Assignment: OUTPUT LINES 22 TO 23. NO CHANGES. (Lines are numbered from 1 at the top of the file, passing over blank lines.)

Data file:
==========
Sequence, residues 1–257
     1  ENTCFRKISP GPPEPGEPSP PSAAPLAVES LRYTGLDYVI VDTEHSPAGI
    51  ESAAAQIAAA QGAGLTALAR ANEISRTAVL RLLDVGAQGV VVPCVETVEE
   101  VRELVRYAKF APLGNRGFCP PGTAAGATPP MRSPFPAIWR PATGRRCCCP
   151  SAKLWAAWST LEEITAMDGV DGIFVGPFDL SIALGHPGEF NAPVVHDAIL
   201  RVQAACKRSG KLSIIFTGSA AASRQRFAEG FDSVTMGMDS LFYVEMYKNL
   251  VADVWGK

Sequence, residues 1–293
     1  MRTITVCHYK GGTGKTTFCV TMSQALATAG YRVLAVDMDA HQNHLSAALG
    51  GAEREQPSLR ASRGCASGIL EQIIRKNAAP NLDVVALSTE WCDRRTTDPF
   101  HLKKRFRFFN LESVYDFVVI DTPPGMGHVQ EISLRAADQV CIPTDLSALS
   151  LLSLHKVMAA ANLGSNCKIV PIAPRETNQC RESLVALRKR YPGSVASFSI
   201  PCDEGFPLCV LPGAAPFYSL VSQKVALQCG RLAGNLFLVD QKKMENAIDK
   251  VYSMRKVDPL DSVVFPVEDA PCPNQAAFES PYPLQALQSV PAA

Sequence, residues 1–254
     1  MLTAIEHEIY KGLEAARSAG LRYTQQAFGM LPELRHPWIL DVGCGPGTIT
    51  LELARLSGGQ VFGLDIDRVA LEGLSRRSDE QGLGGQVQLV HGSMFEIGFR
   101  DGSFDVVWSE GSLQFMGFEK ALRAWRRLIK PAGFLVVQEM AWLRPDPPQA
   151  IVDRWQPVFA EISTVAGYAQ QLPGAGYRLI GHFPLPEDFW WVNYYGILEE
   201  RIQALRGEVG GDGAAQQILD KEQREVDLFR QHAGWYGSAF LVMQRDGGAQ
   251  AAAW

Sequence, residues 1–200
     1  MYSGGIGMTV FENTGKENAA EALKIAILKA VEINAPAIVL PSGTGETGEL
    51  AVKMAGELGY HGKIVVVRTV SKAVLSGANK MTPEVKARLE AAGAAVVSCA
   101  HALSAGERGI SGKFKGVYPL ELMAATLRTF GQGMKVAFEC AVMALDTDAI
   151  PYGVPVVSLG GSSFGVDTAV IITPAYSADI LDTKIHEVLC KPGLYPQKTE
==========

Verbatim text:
Sequence, residues 1–200
     1  MYSGGIGMTV FENTGKENAA EALKIAILKA VEINAPAIVL PSGTGETGEL